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An Overview of The American Taxpayer Relief Act of 2012

President Obama, using the autopen, signed the American Taxpayer Relief Act of 2012 (the “Act”) into law on January 2, 2013. The following is a summary list of the Act’s major changes to and extensions of prior law. We will keep you informed of possible important updates resulting from a comprehensive tax reform.

Individual Income Tax Rates. The Act keeps in place the Bush-era income tax rates for most individuals (staying at 10%, 15%, 25%, 28%, 33%, and 35%) except that the highest marginal income tax bracket rises to 39.6% for individual filers whose taxable income is more than $400,000 ($450,000 for joint filers and for qualifying surviving spouses; $425,000 for qualifying heads of households; and $225,000 for married taxpayers filing separately).

Medicare Taxes. The Act does not affect the Medicare taxes effective in 2013. There will thus be an additional 0.9% Medicare tax on wages over $200,000 for single individual filers ($250,000 for joint filers and qualifying surviving spouses; $200,000 for qualifying heads of households; and $125,000 for married taxpayers filing separately). The 3.8% Medicare tax on certain net investment income also starts to apply to single individual filers with modified adjusted gross income over $200,000 ($250,000 for joint filers and for qualifying surviving spouses; $200,000 for qualifying heads of households; and $125,000 for married taxpayers filing separately).

Capital Gain and Dividends. The Act increases the long-term capital gain rate from 15% to 20% for single individual filers with taxable income above $400,000 ($450,000 for joint filers and for qualifying surviving spouses; $425,000 for qualifying heads of households; and $225,000 for married taxpayers filing separately). Dividends are also generally taxed at the same rate as capital gains. The aforementioned 3.8% Medicare tax is effective in 2013, resulting in a 23.8% overall capital gain tax rate for affected higher-income taxpayers.

Permanent Alternative Minimum Tax (“AMT”) Relief. The Act provides permanent AMT relief beginning in 2012 and going forward. The AMT is the tax imposed on an individual, estate, or trust in an amount by which the tentative minimum tax exceeds the regular income tax for the taxable year.

Personal Exemption Phaseout (“PEP”). PEP, which had previously been suspended, returns in 2013 for certain taxpayers. Thus, for taxable years beginning in 2013, the personal exemption phases out for single individual filers with an Adjusted Gross Income amount of $250,000 ($300,000 for joint filers and qualifying surviving spouses; $275,000 for qualifying heads of households; and $150,000 for married taxpayers filing separately). The PEP starting threshold amounts are indexed for inflation.

Pease Limitation. The Act reinstates the Pease Limitation (which reduces the value of itemized deductions) with a starting threshold of $250,000 for single individual taxpayers ($300,000 for joint filers and qualifying surviving spouses; $275,000 for qualifying heads of households; and $150,000 for married individuals filing separately). The Pease Limitation threshold amounts are indexed for inflation.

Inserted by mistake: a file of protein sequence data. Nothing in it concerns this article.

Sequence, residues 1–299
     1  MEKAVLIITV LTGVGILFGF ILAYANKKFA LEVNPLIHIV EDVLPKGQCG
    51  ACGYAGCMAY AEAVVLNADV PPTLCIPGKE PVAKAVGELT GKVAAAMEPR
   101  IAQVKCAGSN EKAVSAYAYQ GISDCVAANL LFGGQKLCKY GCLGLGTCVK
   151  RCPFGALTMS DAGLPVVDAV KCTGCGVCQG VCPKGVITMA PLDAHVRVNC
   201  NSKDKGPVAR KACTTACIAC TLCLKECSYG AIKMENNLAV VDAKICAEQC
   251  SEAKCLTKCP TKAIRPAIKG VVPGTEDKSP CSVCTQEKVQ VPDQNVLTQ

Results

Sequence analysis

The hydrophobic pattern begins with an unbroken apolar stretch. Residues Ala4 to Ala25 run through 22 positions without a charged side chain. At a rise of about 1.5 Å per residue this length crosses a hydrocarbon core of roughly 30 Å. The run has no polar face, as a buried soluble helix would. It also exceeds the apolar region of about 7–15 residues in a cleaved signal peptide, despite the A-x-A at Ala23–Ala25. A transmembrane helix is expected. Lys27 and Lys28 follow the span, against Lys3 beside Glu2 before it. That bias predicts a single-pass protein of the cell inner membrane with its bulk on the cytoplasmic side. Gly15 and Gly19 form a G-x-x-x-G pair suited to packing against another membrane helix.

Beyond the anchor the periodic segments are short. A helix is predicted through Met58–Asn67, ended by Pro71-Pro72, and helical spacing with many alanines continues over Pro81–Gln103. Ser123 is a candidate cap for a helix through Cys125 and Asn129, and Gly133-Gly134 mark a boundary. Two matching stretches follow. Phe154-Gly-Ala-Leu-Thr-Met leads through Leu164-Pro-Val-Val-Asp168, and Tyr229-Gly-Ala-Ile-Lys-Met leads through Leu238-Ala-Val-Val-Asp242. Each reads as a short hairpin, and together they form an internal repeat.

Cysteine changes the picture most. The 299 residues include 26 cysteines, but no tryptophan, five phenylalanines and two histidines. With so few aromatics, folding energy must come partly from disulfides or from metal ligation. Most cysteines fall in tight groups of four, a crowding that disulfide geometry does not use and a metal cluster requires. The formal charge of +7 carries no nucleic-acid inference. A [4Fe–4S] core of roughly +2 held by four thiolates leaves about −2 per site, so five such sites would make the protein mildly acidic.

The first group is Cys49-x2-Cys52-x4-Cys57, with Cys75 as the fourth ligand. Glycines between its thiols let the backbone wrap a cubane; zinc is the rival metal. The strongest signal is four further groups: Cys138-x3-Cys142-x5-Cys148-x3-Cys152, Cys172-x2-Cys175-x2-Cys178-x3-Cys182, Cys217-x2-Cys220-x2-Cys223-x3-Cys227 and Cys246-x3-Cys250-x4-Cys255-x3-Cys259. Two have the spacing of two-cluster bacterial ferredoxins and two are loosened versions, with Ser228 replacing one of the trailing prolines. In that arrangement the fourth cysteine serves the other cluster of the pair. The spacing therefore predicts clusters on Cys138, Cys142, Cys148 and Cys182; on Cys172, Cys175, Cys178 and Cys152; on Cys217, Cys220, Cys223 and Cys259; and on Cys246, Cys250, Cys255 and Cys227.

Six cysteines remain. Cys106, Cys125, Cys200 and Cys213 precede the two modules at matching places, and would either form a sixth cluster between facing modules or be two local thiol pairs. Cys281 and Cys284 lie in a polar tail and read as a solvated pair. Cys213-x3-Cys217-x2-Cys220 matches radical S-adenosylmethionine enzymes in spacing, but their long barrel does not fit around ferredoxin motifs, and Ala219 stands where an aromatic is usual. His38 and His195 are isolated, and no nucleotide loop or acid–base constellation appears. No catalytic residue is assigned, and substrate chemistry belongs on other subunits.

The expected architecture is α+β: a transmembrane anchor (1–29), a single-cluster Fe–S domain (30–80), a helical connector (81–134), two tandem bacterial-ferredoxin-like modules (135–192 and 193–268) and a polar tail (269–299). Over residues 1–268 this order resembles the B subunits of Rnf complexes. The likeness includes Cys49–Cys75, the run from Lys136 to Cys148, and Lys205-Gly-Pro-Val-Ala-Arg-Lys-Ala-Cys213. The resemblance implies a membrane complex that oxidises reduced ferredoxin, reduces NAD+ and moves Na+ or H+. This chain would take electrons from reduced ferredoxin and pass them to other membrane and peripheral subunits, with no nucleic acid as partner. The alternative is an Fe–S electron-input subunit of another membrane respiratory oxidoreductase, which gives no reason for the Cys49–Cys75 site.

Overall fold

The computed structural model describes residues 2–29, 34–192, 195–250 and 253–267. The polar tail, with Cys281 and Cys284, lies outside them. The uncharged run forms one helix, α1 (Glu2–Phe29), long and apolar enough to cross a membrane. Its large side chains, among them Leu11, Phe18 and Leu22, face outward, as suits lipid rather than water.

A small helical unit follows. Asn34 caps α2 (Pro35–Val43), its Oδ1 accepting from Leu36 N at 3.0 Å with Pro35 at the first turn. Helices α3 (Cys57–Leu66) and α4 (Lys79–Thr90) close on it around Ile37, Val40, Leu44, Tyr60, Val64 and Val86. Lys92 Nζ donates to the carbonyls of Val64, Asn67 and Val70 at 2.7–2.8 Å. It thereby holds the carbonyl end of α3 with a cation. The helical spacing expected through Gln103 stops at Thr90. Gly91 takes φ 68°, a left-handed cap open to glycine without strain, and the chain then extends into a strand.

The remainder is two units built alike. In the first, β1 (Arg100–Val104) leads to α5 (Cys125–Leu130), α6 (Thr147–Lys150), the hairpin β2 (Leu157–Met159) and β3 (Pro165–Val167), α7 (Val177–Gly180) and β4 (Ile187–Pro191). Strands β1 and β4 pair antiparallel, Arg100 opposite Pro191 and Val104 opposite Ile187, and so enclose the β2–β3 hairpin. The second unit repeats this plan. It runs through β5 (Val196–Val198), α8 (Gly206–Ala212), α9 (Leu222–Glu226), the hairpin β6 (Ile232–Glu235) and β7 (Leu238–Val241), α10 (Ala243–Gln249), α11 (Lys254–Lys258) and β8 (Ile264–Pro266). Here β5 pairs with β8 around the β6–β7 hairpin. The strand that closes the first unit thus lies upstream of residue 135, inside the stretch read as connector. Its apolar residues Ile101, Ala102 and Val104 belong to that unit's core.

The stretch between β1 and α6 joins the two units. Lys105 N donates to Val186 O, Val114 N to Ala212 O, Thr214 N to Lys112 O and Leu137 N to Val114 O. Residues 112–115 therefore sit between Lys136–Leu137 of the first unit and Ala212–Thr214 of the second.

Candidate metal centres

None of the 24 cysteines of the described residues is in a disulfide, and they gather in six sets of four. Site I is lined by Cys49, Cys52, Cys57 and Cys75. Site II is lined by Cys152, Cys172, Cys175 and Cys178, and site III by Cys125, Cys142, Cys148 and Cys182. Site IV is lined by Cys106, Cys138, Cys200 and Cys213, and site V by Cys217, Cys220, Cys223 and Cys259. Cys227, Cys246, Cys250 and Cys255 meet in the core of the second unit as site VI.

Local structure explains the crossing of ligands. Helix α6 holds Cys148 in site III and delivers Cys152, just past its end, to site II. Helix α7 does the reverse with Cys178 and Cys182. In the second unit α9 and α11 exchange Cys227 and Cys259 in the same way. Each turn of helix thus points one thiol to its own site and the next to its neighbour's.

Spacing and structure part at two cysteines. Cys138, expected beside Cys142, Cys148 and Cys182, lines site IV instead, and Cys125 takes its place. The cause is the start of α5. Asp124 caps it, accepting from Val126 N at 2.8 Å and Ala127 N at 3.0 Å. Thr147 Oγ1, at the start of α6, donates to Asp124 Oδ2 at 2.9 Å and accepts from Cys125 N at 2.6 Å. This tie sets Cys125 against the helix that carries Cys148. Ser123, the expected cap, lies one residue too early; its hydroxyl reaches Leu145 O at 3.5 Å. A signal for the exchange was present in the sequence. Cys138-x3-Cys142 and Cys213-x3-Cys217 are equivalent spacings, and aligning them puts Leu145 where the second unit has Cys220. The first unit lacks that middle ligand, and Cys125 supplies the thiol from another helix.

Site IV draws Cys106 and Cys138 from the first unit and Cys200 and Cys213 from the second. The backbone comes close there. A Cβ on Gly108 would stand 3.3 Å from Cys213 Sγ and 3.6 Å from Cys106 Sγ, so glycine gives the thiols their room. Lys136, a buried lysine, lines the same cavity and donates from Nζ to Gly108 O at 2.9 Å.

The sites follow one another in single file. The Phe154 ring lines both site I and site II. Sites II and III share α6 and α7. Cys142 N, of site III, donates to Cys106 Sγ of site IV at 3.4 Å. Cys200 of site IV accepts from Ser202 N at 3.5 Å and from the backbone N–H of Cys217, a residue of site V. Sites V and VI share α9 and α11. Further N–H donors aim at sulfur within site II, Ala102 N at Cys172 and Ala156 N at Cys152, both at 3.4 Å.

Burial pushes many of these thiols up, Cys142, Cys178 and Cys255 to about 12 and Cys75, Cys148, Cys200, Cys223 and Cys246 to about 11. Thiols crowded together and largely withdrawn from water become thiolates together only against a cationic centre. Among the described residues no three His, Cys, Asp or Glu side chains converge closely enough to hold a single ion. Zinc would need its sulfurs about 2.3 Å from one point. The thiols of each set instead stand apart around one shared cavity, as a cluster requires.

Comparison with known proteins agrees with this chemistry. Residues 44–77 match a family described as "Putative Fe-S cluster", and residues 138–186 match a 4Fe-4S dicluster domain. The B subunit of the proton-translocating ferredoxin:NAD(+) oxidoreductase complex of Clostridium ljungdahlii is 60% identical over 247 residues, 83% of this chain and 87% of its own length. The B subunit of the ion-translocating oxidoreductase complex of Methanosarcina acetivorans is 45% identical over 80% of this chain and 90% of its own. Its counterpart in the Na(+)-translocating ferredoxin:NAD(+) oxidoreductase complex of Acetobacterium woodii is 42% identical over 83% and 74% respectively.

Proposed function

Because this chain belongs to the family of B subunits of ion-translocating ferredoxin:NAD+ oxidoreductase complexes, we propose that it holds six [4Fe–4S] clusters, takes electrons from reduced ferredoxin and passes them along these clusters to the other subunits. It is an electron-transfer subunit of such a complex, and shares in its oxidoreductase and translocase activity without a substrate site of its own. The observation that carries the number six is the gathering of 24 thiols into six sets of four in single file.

Payroll Tax. The Act does not extend the payroll tax cut that previously reduced the employee portion of Social Security taxes from 6.2% to 4.2%. As such, beginning in 2013, both the employee and the employer share of these taxes is at 6.2%.

Estate, Gift, and Generation-Skipping Transfer Taxes. The Act sets the maximum federal estate tax rate at 40% (previously 35%) with an inflation-adjusted exemption amount of $5 million ($10 million per married couple) in cumulative taxable transfers from the gift or the estate tax. In 2012, the exemption was equal to $5,120,000; the exemption amount is now $5,250,000. As such, those taxpayers who have already utilized their full exemption amount have another $130,000 this year. Moreover, the annual gift tax exclusion amount is now $14,000 (previously $13,000) per donor and per donee.

The Act also allows portability between spouses, which generally makes it possible for a surviving spouse to apply a decedent’s unused exemption to the surviving spouse’s own transfers during life and death. Finally, for 2013, the generation-skipping transfer tax is imposed at a flat rate of 40% on generation-skipping transfers in excess of $5,250,000. Please further note that the Act does not affect the estate planning techniques (e.g., Grantor Retained Annuity Trusts, Qualified Personal Residence Trusts) we described in our September 7, 2012 ; as such, these estate planning techniques remain effective wealth transfer strategies for certain taxpayers with assets that have a high potential for appreciation.

 

Tax Extensions. The following items are some of the tax provisions that the Act extends (and in some cases modifies) through 2013:

  • Bonus depreciation;
  • Section 179 small business expensing;
  • Deduction of State and local general sales taxes;
  • Above-the-line deduction for qualified tuition and related expenses;
  • Research Credit;
  • Employer Wage Credit for employees who are active duty members of the uniformed services;
  • Child Tax Credit;
  • Work Opportunity Tax Credit;
  • New Markets Tax Credit;
  • Earned Income Tax Credit;
  • Indian Employment Tax Credit;
  • Railroad Track Maintenance Credit;
  • Tax-free distributions from individual retirement plans to qualifying charities;
  • Temporary exclusion of gain on the sale of certain small business stock;
  • Reduction of recognition period for built-in gains tax in the case of S corporations;
  • Tax incentives for empowerment zones;
  • Subpart F exception for active financing income;
  • Look-through treatment of payments between related controlled foreign corporations under foreign personal holding company rules.

 

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